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9 February 2010

Improving mobile phone usability

Filed under: Barcelona, usability — David Wood @ 9:42 am

One fundamental step to unlocking the full transformational potential of smart mobile technology is to significantly improve the usability of multi-function devices.  As additional features have been added into mobile phones, there’s been a natural tendency for each new feature to detract from the overall ease of use of the device:

  • It’s harder for users to locate the exact function that they wish to use at any given time;
  • It’s harder for users to understand the full set of functions that are available for them to use.

This has led to feelings of frustration and disenchantment.  Devices are full of powerful functionality that is under-used and under-appreciated.

Recognising this problem, companies throughout the mobile industry are exploring approaches to improving the usability of multi-function devices.

One common idea is to try to arrange all the functionality into a clear logical hierarchy.  But as the number of available functions grows and grows, the result is something that is harder and harder to use, no matter how thoughtfully the functions are arranged.

A second common idea is to allow users to select the applications that they personally use the most often, and to put shortcuts to these applications onto the homescreen (start screen) of the phone.  That’s a step forwards, but there are drawbacks with this as well:

  1. The functionality that users want to access is more fine-grained than simply picking an application.  Instead, a user will often have a specific task in mind, such as “phone Mum” or “email Susie” or “check what movies are showing this evening”;
  2. The functionality that users want to access the most often varies depending on the context the user is in – for example, the time of day, or the user’s location;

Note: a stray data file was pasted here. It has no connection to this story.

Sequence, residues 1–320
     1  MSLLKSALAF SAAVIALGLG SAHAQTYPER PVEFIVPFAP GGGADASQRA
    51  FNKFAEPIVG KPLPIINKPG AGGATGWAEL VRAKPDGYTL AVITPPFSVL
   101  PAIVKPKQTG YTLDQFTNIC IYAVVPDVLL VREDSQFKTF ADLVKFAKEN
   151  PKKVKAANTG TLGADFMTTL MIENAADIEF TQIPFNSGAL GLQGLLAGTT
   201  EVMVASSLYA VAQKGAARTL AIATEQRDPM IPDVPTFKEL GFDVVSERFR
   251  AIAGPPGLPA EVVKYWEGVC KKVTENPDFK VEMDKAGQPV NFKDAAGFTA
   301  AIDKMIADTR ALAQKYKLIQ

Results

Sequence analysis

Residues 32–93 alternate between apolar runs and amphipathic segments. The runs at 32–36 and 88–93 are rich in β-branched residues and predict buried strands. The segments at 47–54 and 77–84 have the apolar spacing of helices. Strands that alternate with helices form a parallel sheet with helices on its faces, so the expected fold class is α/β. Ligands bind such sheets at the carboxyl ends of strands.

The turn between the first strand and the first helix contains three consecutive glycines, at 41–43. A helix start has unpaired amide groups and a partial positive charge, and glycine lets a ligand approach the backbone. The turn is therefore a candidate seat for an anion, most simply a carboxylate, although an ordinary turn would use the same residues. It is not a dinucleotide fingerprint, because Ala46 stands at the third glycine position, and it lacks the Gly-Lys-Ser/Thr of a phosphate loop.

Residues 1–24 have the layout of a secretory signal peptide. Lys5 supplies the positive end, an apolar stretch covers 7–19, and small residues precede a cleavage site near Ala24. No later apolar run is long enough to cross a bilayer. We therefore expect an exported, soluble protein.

3. The UI to creating these shortcuts can be time-consuming or intimidating.

In this context, I’ve recently been looking at some technology developed by the startup company Intuitive User Interfaces.  The founders of Intuitive previously held key roles with the company ART (Advanced Recognition Technologies) which was subsequently acquired by Nuance Communications.

Intuitive highlight the following vision:

Imagine a phone that knows what you need, when you need it, one touch away.

Briefly, the technology works as follows:

  1. An underlying engine observes which tasks the user performs frequently, and in which circumstances;
  2. These tasks are made available to the user via a simple top-level one-touch selection screen;
  3. The set of tasks in this screen vary depending on user context.

Intuitive will be showing their system, running on an Android phone, at the Mobile World Congress at Barcelona next week.  Ports to other platforms are in the works.

Of course, software that tries to anticipate a user’s actions has sometimes proved annoying rather than helpful.  Microsoft’s “paperclip” Office Assistant became particularly notorious:

  • It was included in versions of Microsoft Office from 1997 to 2003 – with the intention of providing advice to users when it deduced that they were trying to carry out a particular task;